There is just something about that simple buttery bun, with a whole slice of white meat chicken and a couple pickle slices in between the bread slices. Those slightly salted waffle fries always hit the spot too–I always get the large size! Last time we went there, I tried their “famous” lemonade, which is near perfect.
Andrea and I first went to our local Chick-fil-A several months after moving to Pennsylvania. What sparked my interest was a radio program that we have on a radio program I had just heard called Legends of Success with John Resnick (which I still try to listen to most Saturdays at 7:00am, News Radio 910 WSBA York). Every week, the host interviews a successful founder or CEO of a large, well-known corporation, and basically asks them about what made their company successful. Normal questions are: Why did you choose this area of business?, What was the hardest decision you’ve ever made?, What was the turning point?, What is your business model?, and Why do you love doing this? I have heard shows where the host interviewed the founders of : Best Buy, Wal-Mart, Outback Steakhouse, Southwest Airlines, Sheetz, and Hasbro. My favorite interviewee–by far–was S. Truett Cathy, Founder and Chariman of Chick-fil-A.
Mr. Cathy is a true, old fashioned, kind-hearted, and not to mention: savvy businessman. I couldn’t explain it any better than the below timeline from his website:
|1929||At 8 years old, Truett Cathy begins his entrepreneurial journey to business success by operating a Coca-Cola stand in his front yard.|
|1935||The Cathy family, in desperate financial trouble, moves to downtown Atlanta’s Techwood Homes, the country’s first federally funded housing project. At the time, rent was $67 per month. Even with Truett’s income from his paper route assisting, the family cannot make rent and is forced to return to operating a boarding house.|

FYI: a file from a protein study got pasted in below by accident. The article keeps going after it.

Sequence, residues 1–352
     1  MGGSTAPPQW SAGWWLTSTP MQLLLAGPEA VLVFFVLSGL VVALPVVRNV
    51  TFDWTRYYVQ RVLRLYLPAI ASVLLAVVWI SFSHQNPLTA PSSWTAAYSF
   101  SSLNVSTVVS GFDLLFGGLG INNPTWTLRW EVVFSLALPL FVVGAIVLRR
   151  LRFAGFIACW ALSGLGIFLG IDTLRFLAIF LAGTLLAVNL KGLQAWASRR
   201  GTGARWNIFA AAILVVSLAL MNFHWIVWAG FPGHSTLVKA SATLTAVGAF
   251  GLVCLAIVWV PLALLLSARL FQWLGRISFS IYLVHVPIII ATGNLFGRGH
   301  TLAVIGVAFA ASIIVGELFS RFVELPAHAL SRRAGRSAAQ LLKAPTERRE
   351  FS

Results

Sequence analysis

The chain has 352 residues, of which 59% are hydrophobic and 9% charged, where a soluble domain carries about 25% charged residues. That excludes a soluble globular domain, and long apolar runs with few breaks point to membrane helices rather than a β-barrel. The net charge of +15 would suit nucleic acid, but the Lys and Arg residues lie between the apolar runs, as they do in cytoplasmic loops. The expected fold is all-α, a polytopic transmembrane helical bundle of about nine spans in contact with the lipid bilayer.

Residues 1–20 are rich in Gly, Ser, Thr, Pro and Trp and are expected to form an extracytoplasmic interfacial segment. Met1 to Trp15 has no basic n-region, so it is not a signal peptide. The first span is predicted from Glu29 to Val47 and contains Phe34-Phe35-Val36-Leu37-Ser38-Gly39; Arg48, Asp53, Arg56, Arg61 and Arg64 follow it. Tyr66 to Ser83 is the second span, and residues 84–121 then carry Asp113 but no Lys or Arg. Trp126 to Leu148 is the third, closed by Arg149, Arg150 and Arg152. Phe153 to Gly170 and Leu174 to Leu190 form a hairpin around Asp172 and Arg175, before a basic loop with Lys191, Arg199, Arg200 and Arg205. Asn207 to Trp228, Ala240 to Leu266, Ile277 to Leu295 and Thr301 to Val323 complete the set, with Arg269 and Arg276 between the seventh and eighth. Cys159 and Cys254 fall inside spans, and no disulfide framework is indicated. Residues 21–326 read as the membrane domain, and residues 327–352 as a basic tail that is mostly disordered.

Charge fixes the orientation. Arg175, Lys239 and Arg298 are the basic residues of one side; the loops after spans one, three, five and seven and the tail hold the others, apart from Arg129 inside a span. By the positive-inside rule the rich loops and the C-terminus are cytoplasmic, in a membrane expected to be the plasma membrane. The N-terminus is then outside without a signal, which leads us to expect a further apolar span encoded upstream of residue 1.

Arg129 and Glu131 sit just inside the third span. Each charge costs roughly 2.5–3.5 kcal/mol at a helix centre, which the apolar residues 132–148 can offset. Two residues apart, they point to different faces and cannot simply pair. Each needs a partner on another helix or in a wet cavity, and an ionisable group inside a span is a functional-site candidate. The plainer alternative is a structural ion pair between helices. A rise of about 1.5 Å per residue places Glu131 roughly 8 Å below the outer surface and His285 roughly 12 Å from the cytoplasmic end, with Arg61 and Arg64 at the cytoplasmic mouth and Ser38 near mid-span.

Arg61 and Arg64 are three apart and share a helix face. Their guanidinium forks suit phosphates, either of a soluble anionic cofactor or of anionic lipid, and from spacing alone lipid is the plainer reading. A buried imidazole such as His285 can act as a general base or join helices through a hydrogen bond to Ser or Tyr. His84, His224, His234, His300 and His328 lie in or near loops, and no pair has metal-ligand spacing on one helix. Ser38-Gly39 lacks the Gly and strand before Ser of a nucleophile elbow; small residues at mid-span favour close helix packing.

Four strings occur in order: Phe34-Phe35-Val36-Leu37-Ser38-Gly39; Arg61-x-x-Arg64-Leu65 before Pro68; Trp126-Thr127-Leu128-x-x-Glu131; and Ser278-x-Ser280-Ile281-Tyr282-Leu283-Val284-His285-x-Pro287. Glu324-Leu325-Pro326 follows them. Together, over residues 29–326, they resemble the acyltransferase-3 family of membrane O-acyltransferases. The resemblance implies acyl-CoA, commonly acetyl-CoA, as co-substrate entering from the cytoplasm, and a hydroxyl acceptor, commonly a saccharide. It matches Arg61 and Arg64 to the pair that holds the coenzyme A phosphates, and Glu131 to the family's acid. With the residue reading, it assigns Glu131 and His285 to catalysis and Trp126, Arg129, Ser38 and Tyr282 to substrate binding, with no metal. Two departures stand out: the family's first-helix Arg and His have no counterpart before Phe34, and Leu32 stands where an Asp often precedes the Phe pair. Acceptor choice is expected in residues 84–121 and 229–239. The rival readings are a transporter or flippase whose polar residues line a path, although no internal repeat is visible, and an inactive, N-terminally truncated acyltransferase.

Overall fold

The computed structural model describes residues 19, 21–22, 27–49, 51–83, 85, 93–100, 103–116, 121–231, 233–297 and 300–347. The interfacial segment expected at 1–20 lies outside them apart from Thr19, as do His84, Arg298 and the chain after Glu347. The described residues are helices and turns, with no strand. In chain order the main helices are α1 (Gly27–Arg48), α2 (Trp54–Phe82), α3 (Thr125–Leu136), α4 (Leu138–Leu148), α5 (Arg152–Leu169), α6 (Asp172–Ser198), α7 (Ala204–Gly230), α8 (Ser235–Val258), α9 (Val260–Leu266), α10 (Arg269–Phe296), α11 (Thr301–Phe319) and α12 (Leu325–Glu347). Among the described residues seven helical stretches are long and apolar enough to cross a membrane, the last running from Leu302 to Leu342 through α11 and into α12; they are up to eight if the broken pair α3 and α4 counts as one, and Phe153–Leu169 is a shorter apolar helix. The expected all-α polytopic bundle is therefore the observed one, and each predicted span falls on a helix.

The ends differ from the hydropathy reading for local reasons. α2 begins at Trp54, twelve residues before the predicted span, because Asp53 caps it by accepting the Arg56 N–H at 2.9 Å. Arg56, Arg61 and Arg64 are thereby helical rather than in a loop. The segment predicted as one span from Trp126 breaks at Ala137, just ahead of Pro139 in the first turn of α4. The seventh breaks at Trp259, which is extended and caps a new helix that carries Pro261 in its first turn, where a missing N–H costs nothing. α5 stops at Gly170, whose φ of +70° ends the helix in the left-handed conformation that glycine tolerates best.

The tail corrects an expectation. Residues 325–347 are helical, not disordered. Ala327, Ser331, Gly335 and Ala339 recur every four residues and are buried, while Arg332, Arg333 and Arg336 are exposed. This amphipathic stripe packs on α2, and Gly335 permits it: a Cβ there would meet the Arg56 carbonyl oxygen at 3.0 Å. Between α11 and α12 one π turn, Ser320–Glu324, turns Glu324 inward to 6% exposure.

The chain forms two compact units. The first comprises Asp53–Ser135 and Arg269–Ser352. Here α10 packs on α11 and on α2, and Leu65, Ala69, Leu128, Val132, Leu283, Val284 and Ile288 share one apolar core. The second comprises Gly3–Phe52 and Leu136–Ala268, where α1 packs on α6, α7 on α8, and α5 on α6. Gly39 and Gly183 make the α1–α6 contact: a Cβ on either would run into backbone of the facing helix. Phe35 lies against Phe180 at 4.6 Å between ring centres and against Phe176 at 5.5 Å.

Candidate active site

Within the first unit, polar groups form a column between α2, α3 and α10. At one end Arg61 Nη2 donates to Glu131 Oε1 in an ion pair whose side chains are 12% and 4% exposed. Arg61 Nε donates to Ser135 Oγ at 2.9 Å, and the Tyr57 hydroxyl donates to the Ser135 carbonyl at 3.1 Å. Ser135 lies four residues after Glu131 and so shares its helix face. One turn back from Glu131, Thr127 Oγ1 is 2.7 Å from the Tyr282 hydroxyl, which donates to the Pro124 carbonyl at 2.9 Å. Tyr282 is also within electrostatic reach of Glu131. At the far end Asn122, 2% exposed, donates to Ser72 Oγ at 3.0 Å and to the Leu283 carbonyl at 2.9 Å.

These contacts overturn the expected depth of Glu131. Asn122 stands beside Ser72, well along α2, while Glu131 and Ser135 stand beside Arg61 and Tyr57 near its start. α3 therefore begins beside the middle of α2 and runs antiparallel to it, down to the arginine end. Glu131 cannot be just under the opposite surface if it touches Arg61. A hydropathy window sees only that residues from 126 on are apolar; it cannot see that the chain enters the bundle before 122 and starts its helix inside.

|1935||Truett develops his “customer service” business philosophy while delivering the Atlanta Journal to residents in the Techwood Homes public housing project.|
|1946||Truett and his brother Ben open The Dwarf Grill (later named the Dwarf House) in the Atlanta suburb of Hapeville. First day sales total $58.20..|
|1951||Second Dwarf House opens in Forest Park, another south Atlanta suburb.|
|1960||The Forest Park Dwarf House burns down, prompting Truett to rebuild and pioneer one of the first fast-food restaurants in the Atlanta area, despite initial reluctance from customers.|
|1961||Truett invents the boneless breast of chicken sandwich, calling it a
“Chick-fil-A.” He perfected the recipe over a four-year period using cooking techniques from his mother’s humble boarding house kitchen.
|1967||Chick-fil-A premiers at Greenbriar Mall in Atlanta, Ga., pioneering in-mall fast-food restaurants.|
|1973||Truett establishes the Team Member Scholarship program to encourage restaurant employees to further their education. Today, nearly 20,000 students have taken advantage of Chick-fil-A’s scholarship opportunities to further their education.|
|1985||First full-service Chick-fil-A Dwarf House opens in Jonesboro, Ga.|